Unverifiable tales of migrant hostility encountered in the countries they pass through are quick to spread, particularly by WhatsApp.

“They’re all crammed at the Mexican border and no one’s giving them anything,” wrote one anonymous person from a Mexican cellphone.

Another claims that you have to pay “$50 to get a child through” the border.

Evelyn Marroquin, El Salvador’s migration service director, says migrants are left with many complaints.

“They said those who organize the caravan asked for money… that there wasn’t the solidarity advertised on social media to progress together… that all the comments on social media were lies,” she said.

– MS-13 threats –

A 43-year-old mother and her sons aged 16 and 20 told AFP they were arrested and detained in Mexico.

She is another who withheld her name out of fear of the MS-13 criminal gang that originated in California but has since spread its tentacles throughout Central America.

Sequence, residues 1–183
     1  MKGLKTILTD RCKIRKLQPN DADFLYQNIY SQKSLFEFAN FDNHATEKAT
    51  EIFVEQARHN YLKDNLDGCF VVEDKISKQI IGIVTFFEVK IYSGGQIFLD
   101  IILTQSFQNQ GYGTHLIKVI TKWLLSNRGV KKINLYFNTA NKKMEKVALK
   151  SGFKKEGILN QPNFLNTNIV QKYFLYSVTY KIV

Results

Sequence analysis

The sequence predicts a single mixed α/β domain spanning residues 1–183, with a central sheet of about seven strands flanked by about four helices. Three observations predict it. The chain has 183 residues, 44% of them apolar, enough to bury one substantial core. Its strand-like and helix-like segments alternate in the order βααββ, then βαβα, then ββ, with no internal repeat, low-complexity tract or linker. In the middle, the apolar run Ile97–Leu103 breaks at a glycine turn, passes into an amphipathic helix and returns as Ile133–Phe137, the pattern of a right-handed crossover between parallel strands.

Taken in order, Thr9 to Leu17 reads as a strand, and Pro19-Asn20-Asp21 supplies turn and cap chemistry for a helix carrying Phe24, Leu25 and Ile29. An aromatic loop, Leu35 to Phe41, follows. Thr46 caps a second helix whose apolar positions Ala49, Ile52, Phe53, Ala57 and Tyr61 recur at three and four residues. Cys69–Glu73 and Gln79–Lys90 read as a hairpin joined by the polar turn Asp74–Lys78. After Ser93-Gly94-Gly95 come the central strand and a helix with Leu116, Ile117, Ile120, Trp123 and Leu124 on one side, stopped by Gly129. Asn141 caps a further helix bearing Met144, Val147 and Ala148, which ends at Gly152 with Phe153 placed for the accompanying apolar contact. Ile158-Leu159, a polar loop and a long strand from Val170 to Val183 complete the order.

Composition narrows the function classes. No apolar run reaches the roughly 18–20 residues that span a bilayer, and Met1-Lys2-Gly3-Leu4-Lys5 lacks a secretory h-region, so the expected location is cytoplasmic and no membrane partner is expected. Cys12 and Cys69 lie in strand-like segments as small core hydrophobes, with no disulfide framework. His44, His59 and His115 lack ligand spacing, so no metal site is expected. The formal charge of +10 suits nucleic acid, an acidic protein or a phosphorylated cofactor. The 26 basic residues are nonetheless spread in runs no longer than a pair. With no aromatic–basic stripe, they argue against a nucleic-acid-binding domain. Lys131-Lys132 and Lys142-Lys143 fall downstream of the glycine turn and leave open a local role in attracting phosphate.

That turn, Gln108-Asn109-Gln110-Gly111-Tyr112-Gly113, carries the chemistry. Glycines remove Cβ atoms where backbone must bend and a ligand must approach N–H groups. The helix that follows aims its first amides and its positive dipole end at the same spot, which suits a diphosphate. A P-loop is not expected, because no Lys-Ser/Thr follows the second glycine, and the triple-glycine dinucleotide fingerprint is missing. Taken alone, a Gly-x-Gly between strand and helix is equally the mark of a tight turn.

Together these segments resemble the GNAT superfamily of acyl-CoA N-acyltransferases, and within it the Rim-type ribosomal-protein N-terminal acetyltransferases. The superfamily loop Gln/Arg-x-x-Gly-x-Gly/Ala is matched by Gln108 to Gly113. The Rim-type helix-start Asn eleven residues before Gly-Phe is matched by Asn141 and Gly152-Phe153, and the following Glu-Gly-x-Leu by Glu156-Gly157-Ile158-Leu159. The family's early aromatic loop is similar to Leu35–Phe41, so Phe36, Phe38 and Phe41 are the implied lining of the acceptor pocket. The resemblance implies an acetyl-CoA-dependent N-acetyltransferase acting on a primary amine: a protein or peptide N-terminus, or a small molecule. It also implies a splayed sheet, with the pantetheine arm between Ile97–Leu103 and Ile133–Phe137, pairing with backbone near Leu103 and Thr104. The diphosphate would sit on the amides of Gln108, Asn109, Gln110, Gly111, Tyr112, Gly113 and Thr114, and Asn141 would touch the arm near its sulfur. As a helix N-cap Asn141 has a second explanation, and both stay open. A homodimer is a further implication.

It’s a group that US President Donald Trump frequently claims has infiltrated the migrant caravans as he pushes a tough stance on border security.

MS-13 made her nephew disappear and then harassed her after she went looking for him.

It also tried to recruit her youngest son when he was only 11.

Getting away from the gangs is proving tough. After leaving home, she received death threats when exiled in Guatemala, forcing her to move on.

Even at the Mexican detention center, she came across gang members.

“We landed in something even more dangerous, worse,” she said.

After her travails, she opted to be sent home and now stays at Migrant House, an establishment run by Catholic missionaries in San Salvador.

She plans to relocate to one of the few regions of the country not beleaguered by gangs “for my sons’ safety, no matter how far away or isolated it is.”